Simile achebe introduces the reader to okonkwo the

  • No School
  • AA 1
  • 196

This preview shows page 80 - 82 out of 196 pages.

Simile: Achebe introduces the reader to Okonkwo, the protagonist, by describing him in terms of fire, a recurring comparison in the novel. “That was many years ago, twenty years or more, and during this time Okonkwo’s fame had grown like a bush-fire in the harmattan.” (Pg. 3) The author uses this comparison of unlike things to give the reader an understanding of how quickly Okonkwo had risen to fame and prosperity. Metaphor: “Among the Ibo the art of conversation is regarded very highly, and proverbs are the palm- oil with which words are eaten.” (Pg. 7) This proverbial metaphor introduces the reader to Achebe’s use of African language to express the belief system of the Ibo culture. Palm-oil is rich oil used in cooking and is at the core of Ibo life. Here, Achebe wants the reader to realize that his use of proverbs aid in understanding and empathizing with the people in the novel. Personification: Giving life to the music of the village, Achebe presents the instruments as a living part of the tribe in order to stress their importance in this culture. “The drums beat and the flutes sang and the spectators held their breath.” (Pg. 3) In the following Figurative Language Chart , identify which type of figurative language is being used in the first space, and then explain the element in the second space. Note to Teacher: This is an excellent activity for group work, as some more literal minded-students may have difficulty understanding the comparisons being made. If students finish early, consider giving extra credit or bonus points to those who can find other examples of figurative language on their own.
Image of page 80

Subscribe to view the full document.

Name: ________________________________ Date:_________________ Part Two Chapters 14-19 Figurative Language Objective: Identifying and interpreting figurative language Activity Figurative language is language used in non-literal fashion for the purpose of description or emphasis. Chinua Achebe uses a wealth of figurative language in Things Fall Apart, making his characters and images come alive for the reader. Study the following examples of the different types of figurative language used by Achebe. Simile: Achebe introduces the reader to Okonkwo, the protagonist, by describing him in terms of fire, a recurring comparison in the novel. “That was many years ago, twenty years or more, and during this time Okonkwo’s fame had grown like a bush-fire in the harmattan.” (Pg. 3) The author uses this comparison of unlike things to give the reader an understanding of how quickly Okonkwo had risen to fame and prosperity. Metaphor: “Among the Ibo the art of conversation is regarded very highly, and proverbs are the palm- oil with which words are eaten.” (Pg. 7) This proverbial metaphor introduces the reader to Achebe’s use of African language to express the belief system of the Ibo culture. Palm-oil is rich oil used in cooking and is at the core of Ibo life. Here, Achebe wants the reader to realize that his use of proverbs aid in understanding and empathizing with the people in the novel.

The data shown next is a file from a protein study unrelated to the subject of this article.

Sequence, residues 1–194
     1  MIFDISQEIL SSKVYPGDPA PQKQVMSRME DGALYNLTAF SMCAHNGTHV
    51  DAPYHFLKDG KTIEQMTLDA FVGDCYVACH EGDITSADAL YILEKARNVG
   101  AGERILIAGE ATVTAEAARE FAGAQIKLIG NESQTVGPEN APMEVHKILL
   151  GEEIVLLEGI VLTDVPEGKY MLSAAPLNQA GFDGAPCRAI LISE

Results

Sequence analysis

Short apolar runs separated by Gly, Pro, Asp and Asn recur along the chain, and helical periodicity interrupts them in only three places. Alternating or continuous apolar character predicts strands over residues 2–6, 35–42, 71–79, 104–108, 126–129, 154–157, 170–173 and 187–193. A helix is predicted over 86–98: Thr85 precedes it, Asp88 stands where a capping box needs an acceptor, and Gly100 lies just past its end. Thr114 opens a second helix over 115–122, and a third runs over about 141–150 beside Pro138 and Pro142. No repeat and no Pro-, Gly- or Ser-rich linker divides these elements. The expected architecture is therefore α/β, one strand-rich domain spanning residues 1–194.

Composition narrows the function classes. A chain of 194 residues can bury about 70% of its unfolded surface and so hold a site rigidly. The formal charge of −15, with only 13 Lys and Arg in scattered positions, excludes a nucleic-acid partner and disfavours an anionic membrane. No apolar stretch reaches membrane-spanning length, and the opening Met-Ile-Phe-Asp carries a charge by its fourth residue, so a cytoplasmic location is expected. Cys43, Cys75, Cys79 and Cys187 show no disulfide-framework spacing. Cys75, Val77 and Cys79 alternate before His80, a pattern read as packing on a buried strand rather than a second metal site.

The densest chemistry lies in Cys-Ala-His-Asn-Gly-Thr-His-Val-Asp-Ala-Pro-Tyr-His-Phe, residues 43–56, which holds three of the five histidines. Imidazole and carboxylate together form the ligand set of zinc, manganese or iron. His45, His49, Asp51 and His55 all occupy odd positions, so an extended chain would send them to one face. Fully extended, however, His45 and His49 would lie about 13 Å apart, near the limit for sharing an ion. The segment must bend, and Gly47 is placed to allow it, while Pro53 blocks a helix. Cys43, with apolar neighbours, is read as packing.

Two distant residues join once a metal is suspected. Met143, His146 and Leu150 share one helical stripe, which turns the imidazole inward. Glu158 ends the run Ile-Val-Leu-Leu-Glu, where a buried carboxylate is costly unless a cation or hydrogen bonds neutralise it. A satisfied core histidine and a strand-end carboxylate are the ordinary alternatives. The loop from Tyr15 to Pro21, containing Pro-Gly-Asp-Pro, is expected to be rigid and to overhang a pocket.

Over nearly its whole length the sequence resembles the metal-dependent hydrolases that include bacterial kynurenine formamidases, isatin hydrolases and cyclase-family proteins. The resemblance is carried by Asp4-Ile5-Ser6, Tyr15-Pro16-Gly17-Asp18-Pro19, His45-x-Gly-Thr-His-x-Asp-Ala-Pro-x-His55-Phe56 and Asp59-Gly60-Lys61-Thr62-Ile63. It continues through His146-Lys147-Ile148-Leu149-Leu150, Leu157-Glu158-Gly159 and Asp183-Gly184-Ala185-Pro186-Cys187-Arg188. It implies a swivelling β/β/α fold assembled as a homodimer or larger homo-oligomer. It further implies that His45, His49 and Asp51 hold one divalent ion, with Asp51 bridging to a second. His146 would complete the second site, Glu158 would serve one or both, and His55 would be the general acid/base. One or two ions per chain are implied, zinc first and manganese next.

Image of page 81
Image of page 82

What students are saying

  • Left Quote Icon

    As a current student on this bumpy collegiate pathway, I stumbled upon Course Hero, where I can find study resources for nearly all my courses, get online help from tutors 24/7, and even share my old projects, papers, and lecture notes with other students.

    Student Picture

    Kiran Temple University Fox School of Business ‘17, Course Hero Intern

  • Left Quote Icon

    I cannot even describe how much Course Hero helped me this summer. It’s truly become something I can always rely on and help me. In the end, I was not only able to survive summer classes, but I was able to thrive thanks to Course Hero.

    Student Picture

    Dana University of Pennsylvania ‘17, Course Hero Intern

  • Left Quote Icon

    The ability to access any university’s resources through Course Hero proved invaluable in my case. I was behind on Tulane coursework and actually used UCLA’s materials to help me move forward and get everything together on time.

    Student Picture

    Jill Tulane University ‘16, Course Hero Intern

Ask Expert Tutors You can ask 0 bonus questions You can ask 0 questions (0 expire soon) You can ask 0 questions (will expire )
Answers in as fast as 15 minutes